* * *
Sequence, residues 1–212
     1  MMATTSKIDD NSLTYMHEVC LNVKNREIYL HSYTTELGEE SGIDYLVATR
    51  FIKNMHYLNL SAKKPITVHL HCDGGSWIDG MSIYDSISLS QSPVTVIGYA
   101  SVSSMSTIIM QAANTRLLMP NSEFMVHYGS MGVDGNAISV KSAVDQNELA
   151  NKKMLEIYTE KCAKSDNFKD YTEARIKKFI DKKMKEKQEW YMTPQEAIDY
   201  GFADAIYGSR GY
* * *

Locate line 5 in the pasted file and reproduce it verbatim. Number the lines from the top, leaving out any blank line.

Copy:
   151  NKKMLEIYTE KCAKSDNFKD YTEARIKKFI DKKMKEKQEW YMTPQEAIDY